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This should not have been a good week for Hillary Clinton. Not in a normal election year.

To start things off, the father of the terrorist who massacred 49 people in Orlando two months ago was spotted at one of her rallies and her campaign was slow to figure out how to respond. On Wednesday, something that spoke not just to bad optics but to bad ethics: newly released e-mails that showed lines between the U.S. State Department and her husband's Clinton Foundation alarmingly blurred while she was secretary of state. Along the way, she came under fire from liberals for reportedly seeking an endorsement from Henry Kissinger. If she needed to change the channel from any of this, an underwhelming economic speech on Thursday would not have done it.

But Ms. Clinton did not need to change the channel, because in this very abnormal election, she does not have to suffer bad weeks. Not as long as the unhinged narcissist against whom she is campaigning sucks up all available oxygen and spits it out as bile – in this case by, among other things, seemingly joking about an assassination or violent uprising if she wins, and accusing both her and the current President of founding the Islamic State.

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Because it is impossible to look away from Donald Trump, we hardly even get to consider the paradox of the person likeliest to occupy the White House in a few months: that someone who sees herself as unusually hard-luck, and has allowed that to dictate how she conducts herself as a public figure, has emerged as one of the luckiest politicians in U.S. history.

Ms. Clinton's persecution complex – the one that caused her to complain during Bill Clinton's presidency that they were victims of a "vast right-wing conspiracy" and more recently that "there's the Hillary standard and the standard for everyone else" – is a matter of public record.

Believing that she will be treated unfairly, she refuses to hold news conferences while seeking her country's highest office, and generally gives little of herself publicly despite supposedly being more animated and relatable in private.

Worse, her defensiveness leads her into precisely the sorts of situations she fears. Ms. Clinton will, say, set up private e-mail servers while secretary of state because she believes others are waiting to pounce on her communications; when that eventually blows up into controversy, with no less than the head of the U.S. Federal Bureau of Investigation saying she recklessly endangered national security, the criticism reinforces her view that her minor mistakes get blown out of proportion.

Her paranoia is not entirely without foundation. The scandal-mongering of the 1990s, from inquiries into Mr. Clinton's extramarital affairs to bogus claims of foul play in a staffer's suicide, clearly left their scars. Endless Republican attempts to prove her directly responsible for American deaths at the diplomatic compound in Benghazi, Libya, in 2012 no doubt rekindled memories of that era. As a trailblazing female politician, she has faced stomach-turning vitriol from some corners – something about which the "Trump that bitch" T-shirts at her opponent's rallies continue to serve as a reminder.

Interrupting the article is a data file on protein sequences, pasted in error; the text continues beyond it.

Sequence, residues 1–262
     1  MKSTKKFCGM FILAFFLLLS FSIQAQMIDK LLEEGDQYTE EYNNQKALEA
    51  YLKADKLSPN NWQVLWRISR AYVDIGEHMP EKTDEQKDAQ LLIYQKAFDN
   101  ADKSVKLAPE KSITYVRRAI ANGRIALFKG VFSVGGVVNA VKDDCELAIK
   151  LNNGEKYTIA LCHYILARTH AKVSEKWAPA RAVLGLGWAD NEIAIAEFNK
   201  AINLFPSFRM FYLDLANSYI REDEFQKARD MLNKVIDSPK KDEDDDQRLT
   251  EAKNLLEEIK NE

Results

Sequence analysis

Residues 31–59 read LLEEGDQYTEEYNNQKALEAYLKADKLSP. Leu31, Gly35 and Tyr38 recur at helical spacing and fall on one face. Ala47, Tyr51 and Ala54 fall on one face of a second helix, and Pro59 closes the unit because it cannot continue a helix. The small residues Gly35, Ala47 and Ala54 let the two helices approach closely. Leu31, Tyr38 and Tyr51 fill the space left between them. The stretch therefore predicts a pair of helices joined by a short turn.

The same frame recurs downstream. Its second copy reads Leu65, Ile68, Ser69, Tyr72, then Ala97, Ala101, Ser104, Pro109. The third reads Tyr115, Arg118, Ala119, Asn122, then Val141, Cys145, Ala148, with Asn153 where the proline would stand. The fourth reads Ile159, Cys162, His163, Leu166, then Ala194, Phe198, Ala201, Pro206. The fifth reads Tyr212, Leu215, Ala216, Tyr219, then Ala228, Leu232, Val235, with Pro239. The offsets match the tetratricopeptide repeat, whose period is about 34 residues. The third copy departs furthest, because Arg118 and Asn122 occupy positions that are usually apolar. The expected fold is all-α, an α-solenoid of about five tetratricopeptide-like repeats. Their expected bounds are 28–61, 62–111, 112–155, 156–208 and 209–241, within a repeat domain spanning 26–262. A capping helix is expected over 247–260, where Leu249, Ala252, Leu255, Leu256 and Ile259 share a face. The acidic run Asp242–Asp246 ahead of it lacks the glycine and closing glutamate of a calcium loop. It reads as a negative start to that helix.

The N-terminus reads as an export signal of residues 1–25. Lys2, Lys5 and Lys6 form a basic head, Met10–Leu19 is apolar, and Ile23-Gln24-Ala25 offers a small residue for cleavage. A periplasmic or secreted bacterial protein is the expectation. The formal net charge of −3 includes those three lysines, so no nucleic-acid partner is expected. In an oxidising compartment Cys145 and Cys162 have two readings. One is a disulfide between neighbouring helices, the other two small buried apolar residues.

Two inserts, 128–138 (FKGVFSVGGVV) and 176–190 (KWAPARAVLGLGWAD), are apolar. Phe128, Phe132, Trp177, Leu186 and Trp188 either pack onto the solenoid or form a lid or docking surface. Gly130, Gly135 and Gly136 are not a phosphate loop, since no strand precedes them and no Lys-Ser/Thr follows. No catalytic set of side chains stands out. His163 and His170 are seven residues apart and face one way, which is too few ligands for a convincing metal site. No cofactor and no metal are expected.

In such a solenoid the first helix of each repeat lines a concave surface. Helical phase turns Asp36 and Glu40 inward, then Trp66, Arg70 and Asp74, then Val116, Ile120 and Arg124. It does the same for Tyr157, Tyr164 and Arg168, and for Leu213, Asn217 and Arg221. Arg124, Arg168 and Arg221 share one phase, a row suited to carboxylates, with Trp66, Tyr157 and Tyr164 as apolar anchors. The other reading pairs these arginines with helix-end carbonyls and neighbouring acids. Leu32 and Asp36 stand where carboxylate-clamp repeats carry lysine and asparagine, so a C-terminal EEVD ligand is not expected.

But the narrative that Ms. Clinton clearly sees for herself, that she faces unusually long odds, is now strikingly at odds with her absurdly easy path to the presidency.

It started even before she was up against Mr. Trump. Out of some sense that it was her turn, combined with a belief her campaign organization was too formidable, most other would-be contenders for the Democratic nomination declined to take her on – a decision they may have regretted when she struggled to best Bernie Sanders, a septuagenarian socialist with a tenuous connection to the party, little national profile at the campaign's outset and an unwillingness to challenge her on the ethical issues that are her biggest weakness.

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Ms. Clinton is not the first person to win her party's nomination against weak competition. But she might be the first to do so and then become the favourite for the presidency merely by virtue of appearing to be a sane, functional adult. (One would have to go back to 1964, when Lyndon Johnson beat Barry Goldwater, to find to find anything even vaguely resembling this.)

Fortunately, she does more than clear that extremely low bar. At minimum, she is smart, experienced and genuinely interested in the mechanics of government.

But against any other Republican nominee of the past half-century, that would not be enough – not when negative perceptions of Ms. Clinton's other attributes, particularly her trustworthiness and concern for regular people, leave her with historically low favourability ratings. Her saving grace is that, improbably, she is up against an opponent whose ratings are even worse.

Against anyone else, she would also struggle to energize the coalition of Democratic supporters – especially minority voters – who came out in record numbers for Mr. Obama. As it is, Mr. Trump is doing the motivating for her, in a way only an overtly racist candidate could.

Her good fortune might not last forever. Mr. Trump can't even be written off just yet: Not long ago, polls showed him within striking distance of her, and he might still be there if he were capable of going a few days without embarrassing himself, and forced more scrutiny upon her during weeks like this past one.

And the moment Ms. Clinton gets to the White House, if indeed she does, she will be judged against a higher standard than Mr. Trump. Her best play for now is probably to stay out of his way while he self-destructs. She should also reconsider her perception of being perpetually under siege, before it leads her into more mistakes that eventually make for self-fulfilling prophecy.

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